The roller coaster of employer liability under the background check provisions of the Fair Credit Reporting Act (FCRA) recently took an upswing with the California Court of Appeals’ decision in Culberson v. Walt Disney Parks & Resorts. The Culberson court considered two class claims, both of which are now-familiar spindles ready to prick the fingers of unwitting employers. First, Culberson alleged that he received a pre-background check notice from Disney that contained extraneous information, in violation of the FCRA’s requirement that the notice be provided in a document that “consists solely of the disclosure” (commonly known as the “standalone disclosure” requirement). Second, he alleged that Disney decided not to hire him without giving him adequate notice before making that decision, in violation of the FCRA’s “pre-adverse action notice” requirement.
Neither the trial court nor the California Court of Appeals decided whether Disney had complied with these requirements. Rather, both courts held that even if a violation had occurred, that violation was not “willful,” i.e., knowing or reckless. Because the FCRA only permits plaintiffs to recover statutory and punitive damages for “willful” violations, a ruling in an employer’s favor on willfulness is an elephant graveyard from which plaintiffs cannot easily escape. Absent a showing of willfulness, plaintiffs and the class must resort to actual damages, which they hardly ever have, and certainly not on a class-wide basis.
The Culberson court found that Disney’s notice forms did not recklessly violate the FCRA because both judicial and regulatory authorities have approved background check forms that contained similar information. Conversely, the court noted that no authority existed in 2011 (when Disney provided Culberson’s form) that might have warned Disney that its forms were not compliant. Importantly, the court recognized that despite the volume of judicial opinions discussing what may not appear in a pre-background check notice, employers still have received almost no guidance about what they may legally include in such a disclosure. The Court also distinguished the Ninth Circuit’s recent plaintiff-friendly opinions in Syed v M-I LLC and Gilberg v California Check Cashing Stores LLC, noting that the forms at issue in those cases were easily distinguishable from Disney’s, and that those decisions were not issued until several years after Culberson’s claim arose.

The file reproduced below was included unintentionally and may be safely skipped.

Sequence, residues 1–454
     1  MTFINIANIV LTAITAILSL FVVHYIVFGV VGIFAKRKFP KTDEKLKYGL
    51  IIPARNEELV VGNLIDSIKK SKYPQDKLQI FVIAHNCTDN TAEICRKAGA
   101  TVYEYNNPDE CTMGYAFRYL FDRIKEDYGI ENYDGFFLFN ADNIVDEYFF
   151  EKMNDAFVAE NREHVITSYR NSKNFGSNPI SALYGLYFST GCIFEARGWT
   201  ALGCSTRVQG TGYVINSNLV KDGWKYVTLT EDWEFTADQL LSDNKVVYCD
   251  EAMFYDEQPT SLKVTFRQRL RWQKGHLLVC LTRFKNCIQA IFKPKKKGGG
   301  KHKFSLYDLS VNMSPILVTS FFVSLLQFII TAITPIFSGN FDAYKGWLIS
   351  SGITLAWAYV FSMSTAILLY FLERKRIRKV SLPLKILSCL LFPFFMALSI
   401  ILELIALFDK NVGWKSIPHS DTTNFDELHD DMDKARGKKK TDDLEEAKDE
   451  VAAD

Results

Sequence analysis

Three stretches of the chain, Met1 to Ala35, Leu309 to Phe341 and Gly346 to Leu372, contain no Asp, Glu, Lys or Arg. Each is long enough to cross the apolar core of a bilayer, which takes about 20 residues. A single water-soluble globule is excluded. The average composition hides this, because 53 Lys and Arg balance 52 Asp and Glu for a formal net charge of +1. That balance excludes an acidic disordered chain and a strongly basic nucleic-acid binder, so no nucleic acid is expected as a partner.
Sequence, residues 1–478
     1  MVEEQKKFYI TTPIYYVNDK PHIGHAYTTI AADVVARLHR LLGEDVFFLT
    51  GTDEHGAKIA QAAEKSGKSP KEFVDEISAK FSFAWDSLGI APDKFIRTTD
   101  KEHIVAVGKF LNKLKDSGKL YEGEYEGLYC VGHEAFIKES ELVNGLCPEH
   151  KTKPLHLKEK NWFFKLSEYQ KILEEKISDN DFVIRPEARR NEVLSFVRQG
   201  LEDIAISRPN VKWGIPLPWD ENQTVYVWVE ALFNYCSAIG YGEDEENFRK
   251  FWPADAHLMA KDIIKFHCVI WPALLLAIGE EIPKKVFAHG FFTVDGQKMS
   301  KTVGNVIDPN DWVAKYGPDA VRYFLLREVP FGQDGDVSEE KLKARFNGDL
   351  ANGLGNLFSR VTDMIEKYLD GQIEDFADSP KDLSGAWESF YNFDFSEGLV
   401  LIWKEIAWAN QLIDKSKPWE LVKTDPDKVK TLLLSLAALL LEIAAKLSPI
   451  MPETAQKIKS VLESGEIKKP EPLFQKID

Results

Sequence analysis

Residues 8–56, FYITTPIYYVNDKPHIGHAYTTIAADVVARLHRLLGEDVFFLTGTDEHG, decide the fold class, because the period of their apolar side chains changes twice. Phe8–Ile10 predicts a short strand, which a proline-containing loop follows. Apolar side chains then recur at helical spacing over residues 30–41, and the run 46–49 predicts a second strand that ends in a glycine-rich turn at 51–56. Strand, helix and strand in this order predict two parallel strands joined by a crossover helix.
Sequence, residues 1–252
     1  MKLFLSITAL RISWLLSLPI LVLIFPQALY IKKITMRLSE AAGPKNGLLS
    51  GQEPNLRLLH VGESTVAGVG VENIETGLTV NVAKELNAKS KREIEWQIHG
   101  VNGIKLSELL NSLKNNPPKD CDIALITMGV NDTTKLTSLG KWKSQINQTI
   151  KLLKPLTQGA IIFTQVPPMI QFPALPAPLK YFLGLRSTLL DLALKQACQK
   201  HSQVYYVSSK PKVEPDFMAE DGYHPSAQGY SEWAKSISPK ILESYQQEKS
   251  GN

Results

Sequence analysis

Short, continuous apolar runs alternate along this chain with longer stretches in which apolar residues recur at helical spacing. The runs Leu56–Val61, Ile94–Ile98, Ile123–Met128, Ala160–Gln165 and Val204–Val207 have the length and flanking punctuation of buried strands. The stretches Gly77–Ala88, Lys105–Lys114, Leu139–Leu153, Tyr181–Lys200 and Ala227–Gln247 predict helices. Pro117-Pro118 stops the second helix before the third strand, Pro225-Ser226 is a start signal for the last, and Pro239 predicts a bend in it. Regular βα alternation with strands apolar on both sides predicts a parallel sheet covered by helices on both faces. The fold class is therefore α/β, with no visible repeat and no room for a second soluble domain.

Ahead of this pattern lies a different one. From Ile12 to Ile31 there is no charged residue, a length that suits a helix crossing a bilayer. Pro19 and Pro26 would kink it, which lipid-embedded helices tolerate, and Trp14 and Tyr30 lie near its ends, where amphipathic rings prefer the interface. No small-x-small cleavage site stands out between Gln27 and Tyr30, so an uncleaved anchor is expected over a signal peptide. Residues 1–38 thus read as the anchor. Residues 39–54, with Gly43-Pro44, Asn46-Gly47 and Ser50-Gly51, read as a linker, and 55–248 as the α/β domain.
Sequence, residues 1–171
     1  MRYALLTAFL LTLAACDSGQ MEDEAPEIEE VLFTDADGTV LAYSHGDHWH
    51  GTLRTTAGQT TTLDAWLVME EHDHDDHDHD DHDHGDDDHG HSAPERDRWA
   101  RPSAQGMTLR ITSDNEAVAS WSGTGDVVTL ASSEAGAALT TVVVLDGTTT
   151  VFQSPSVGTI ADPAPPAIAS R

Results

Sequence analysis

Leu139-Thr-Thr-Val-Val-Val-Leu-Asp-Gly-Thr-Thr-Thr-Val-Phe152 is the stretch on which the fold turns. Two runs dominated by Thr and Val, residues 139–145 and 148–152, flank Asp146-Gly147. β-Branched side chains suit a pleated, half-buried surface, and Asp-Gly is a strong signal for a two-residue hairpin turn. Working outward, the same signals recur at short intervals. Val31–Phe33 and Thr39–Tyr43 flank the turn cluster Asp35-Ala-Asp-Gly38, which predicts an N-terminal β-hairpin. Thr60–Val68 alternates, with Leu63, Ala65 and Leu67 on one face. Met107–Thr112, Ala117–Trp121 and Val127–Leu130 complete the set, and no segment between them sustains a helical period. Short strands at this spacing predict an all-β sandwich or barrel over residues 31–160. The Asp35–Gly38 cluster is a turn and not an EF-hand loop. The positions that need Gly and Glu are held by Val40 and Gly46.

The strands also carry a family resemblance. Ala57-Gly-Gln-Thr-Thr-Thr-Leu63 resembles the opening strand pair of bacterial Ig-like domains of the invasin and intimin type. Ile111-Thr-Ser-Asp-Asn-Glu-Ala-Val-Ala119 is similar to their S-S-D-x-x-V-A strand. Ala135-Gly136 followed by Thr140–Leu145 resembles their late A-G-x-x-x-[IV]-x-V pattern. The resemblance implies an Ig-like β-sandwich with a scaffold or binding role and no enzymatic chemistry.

This decision may represent a whole new world for employers battling background check class actions in California state courts. For the last three years, those courts have been a wonderland for FCRA plaintiffs seeking to avoid the complex federal standing issues created by the Supreme Court’s 2016 decision in Spokeo, Inc. v. Robins. That issue, combined with the relative ease of obtaining class certification and the dearth of favorable opinions on willfulness, has presented defendants litigating these cases in California with a formidable uphill climb. If California courts continue to follow Culberson’s lead, however, plaintiffs will be forced to choose between litigating standing in federal court or litigating willfulness in state court. Even so, this decision is far from happily ever after—employers should continue to monitor developments in this area and assess their background check processes accordingly.